Wednesday, April 09, 2008


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New York Times
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-Monks Disrupt Media Tour in China
BEIJING - Buddhist monks interrupted a government-managed media tour inwestern China on Wednesday, waving a Tibetan flag and protesting that theauthorities were depriving them of their human rights.

-In Justice Shift, Corporate Deals Replace Trials
WASHINGTON - In 2005, federal authorities concluded that a Monsantoconsultant had visited the home of an Indonesian official and, with theapproval of a senior company executive, handed over an envelope stuffed withhundred-dollar bills. The money was meant as a bribe to win looserenvironmental regulations for Monsanto's cotton crops, according to a courtdocument. Monsanto was also caught concealing the bribe with fake invoices.

-Anxious San Francisco Braces for Torch Protests
SAN FRANCISCO - The Olympic torch arrived at the airport here from Paris inthe wee hours Tuesday morning, exited out a side door and was escorted bymotorcade to a downtown hotel. There it took a well-deserved break in a roomcomplete with cable TV, room service and views of the city's popular UnionSquare shopping district.

-Calling Al Gore
Looking back at a week in which the most widely covered news to emerge fromthe campaign trail is that former presidents tend to write books and givespeeches for large amounts of money, and that campaign consultants whoundermine their boss' key policy positions for personal profit tend to befired, it may be worthwhile to consider where a Democratic primary basedmore on personal than ideological differences may eventually conclude.

-The Food Chain: As Prices Rise, Farmers Spurn Conservation
Out on the farm, the ducks and pheasants are losing ground.
Thousands of farmers are taking their fields out of the government's biggestconservation program, which pays them not to cultivate. They are spurningguaranteed annual payments for a chance to cash in on the boom in wheat,soybeans, corn and other crops. Last fall, they took back as many acres asare in Rhode Island and Delaware combined.

-Set to Return, Chief Justice Creates a Test for Pakistan
ISLAMABAD, Pakistan - After contradictory signals, and mounting pressurefrom the country's lawyers, the new democratic government appears poised toreinstate the Supreme Court chief justice who was dismissed by PresidentPervez Musharraf last year and recently freed from four months of housearrest.

Washington Post
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-Petraeus, Crocker Testify Before the House
Army Gen. David H. Petraeus and U.S. Ambassador Ryan C. Crocker returned toCongress this morning to urge House lawmakers to support a pause in troopwithdrawals from Iraq, a day after pleading with skeptical senators thatsuch a halt is necessary to consolidate security gains after five years ofwar.

-The Iran Problem
The language that Gen. David Petraeus and Ambassador Ryan Crocker usedyesterday to describe the Iranian role in Iraq was extreme -- and telling.
They spoke of Tehran's "nefarious activities," its "malign influence" andhow it posed "the greatest long-term threat to the viability" of the Baghdadgovernment.

-Iraq Report Redux
The facts there have changed; the debate here, less so.
WHEN GEN. David H. Petraeus and Ambassador Ryan C. Crocker last testifiedbefore Congress in September, the military results of the U.S. troop surgein Iraq, though significant, were still so preliminary that much of thedebate centered on whether they were real. When the two men appeared againyesterday, the reduction of violence had been so great as to be undeniable.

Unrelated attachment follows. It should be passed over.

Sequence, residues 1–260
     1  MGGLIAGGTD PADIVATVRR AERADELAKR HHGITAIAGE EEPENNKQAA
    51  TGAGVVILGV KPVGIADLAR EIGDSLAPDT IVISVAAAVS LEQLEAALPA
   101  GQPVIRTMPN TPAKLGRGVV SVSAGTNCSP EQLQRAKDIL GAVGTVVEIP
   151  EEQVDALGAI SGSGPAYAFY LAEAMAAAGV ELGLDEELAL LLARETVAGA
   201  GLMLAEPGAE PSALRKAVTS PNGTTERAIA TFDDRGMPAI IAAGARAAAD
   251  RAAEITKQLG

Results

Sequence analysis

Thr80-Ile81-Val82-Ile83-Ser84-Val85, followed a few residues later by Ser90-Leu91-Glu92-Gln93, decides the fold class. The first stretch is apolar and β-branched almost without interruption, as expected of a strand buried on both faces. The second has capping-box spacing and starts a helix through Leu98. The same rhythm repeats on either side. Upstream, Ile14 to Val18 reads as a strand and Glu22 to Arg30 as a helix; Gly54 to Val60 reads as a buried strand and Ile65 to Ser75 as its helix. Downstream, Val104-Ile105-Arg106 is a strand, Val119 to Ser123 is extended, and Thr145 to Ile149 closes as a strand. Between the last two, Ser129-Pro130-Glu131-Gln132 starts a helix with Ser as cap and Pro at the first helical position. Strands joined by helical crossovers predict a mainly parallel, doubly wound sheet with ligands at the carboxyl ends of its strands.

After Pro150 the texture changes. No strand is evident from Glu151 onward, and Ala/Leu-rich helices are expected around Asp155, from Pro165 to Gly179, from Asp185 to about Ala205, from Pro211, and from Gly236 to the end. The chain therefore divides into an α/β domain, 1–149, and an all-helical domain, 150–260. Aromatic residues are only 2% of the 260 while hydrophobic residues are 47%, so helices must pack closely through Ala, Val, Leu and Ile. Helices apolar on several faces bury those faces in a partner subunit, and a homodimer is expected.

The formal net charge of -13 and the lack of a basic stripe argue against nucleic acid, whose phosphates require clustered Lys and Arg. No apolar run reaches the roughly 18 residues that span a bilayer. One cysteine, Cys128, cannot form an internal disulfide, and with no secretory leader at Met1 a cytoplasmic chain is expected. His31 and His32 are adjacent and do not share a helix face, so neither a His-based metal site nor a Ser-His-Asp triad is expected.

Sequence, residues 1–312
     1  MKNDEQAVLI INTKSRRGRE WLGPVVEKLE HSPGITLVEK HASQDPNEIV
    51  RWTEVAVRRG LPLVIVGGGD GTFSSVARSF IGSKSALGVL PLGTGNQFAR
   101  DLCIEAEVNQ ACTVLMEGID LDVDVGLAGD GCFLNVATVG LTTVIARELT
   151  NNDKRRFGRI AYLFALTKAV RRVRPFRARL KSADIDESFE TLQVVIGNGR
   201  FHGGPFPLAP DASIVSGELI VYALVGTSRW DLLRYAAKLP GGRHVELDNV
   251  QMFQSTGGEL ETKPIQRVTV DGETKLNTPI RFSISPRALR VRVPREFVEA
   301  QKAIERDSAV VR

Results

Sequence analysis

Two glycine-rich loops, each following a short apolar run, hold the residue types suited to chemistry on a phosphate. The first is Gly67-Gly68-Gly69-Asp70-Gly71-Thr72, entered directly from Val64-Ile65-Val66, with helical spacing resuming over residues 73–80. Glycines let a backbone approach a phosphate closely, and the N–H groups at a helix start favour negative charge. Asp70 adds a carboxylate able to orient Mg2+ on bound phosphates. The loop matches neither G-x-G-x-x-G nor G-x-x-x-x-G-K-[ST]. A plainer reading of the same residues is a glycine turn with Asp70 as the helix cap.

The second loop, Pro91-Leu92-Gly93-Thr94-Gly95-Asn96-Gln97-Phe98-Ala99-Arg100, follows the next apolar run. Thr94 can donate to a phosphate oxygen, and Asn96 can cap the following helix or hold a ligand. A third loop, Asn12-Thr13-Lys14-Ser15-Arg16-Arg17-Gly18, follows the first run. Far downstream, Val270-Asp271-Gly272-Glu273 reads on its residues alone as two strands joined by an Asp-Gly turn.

Sen. Barack Obama, who predicted that the surge would not slow thebloodshed, was among the Democrats who acknowledged yesterday that it had.
Similarly, seven months ago, Gen. Petraeus and Mr. Crocker were hard-pressedto cite any movement by Iraqi leaders toward the political accords the surgewas supposed to facilitate; the best Mr. Crocker could do was to say he hadseen "seeds of reconciliation." Yesterday he was able to tick off a seriesof significant steps, including agreement on provincial elections that couldtransform Iraq's political landscape.

-China Uses Heavy Hand Even With Its Gadflies
SHANGHAI -- Zheng Enchong is a self-taught lawyer and a dogged human rightsactivist. In many countries, he would be considered a gadfly. But in Chinaduring this Olympic year, he is treated like a threat to national security.

Miami Herald
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-IRAQ WAR: Arrogance, indiscipline come down from the top
Return with me to Abu Ghraib. You remember it. You may not want to, but youdo. The Iraqi prison was the epicenter of an international scandal in 2004 when it was revealed that U.S. soldiers were mistreating detainees, forcing themto stand in stress positions, sexually humiliating them, menacing them withdogs, denying them clothes, dragging them on leashes, threatening them withelectrocution.

Fort Report
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-Candidates push policies at Petraeus hearings
Democrats, McCain clash on Iraq status
WASHINGTON - In a daylong grilling by senators demanding answers to theresolution of the US occupation in Iraq, the chief American commander therehad one absolute certainty even before he testified: One of his questionersis going to be the next president and will decide the fate of the Iraqmission.

-Obama gaining on Clinton in Pennsylvania: poll
WASHINGTON (Reuters) - Democratic presidential contender Hillary Clintonleads Barack Obama by 6 points among likely Pennsylvania Democratic primaryvoters but he is chipping away at her lead, according to a QuinnipiacUniversity poll released on Tuesday.


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